• Turn the paper around for best fit on your machine, this is simply a paper exercise, make it as easy for yourself
• Start sewing slowly and as confidence grows, go back and try the same exercises at a higher speed
How to Accurately Stop & Start a Line of Stitches.
Each sewing line has a start and end point. Both are very important, and it is part of our dressmaking sewing skills to accurately place our needles at these start and end points to ensure every sewn line is correct in length and position.
We cheat a bit at this! Rather than trying to gauge where to start, it helps to ‘hand crank’ the needle into the start position. This is a great term, hailing from the pre-electricity days, not that long ago, when sewing machines were indeed powered by the dressmaker's hand. On modern machines, this technique is still valuable, and machines continue to have a ‘wheel’ on the side which enables you to manually lower the needle accurately into position.
For each of the sewing practice lessons in this guide:
Print a couple of copies of each sewing practice sheet – no printer, no worries! – use lined notebook paper or draw on plain paper, roughly copying each exercise sheet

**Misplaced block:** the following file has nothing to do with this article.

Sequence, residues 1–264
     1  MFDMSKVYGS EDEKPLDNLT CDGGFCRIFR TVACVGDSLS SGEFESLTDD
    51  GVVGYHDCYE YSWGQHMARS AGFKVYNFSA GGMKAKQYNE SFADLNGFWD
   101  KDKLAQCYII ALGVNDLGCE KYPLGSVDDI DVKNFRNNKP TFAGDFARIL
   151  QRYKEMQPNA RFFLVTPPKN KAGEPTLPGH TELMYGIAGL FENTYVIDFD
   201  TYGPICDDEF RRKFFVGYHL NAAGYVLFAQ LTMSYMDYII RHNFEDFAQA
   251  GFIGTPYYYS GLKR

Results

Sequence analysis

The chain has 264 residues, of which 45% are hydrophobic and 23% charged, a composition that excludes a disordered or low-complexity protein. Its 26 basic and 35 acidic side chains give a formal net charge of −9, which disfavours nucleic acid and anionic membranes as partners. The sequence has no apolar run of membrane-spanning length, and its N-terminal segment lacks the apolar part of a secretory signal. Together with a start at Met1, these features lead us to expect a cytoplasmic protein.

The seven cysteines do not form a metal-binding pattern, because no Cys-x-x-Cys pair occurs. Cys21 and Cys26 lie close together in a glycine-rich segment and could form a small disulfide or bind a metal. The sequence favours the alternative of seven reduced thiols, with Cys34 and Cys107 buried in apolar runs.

Ensure your machine is not threaded – top or bottom
Set the stitch to straight and stitch length mid-way, around 3-4, depending on the machine
Raise your machine presser foot and place the practice sheet so that most of the paper is to the left – as you would with fabric
Lower the presser foot and hand crank – turn the wheel – the needle down into position at the start of the line. You can raise the foot and move the sheet as often as you need to get the correct position for your needle
Once the presser foot is down, start to sew! Go at whatever speed suits you, part of this practicing is to help you with the foot control of your pedal and the speed of your machine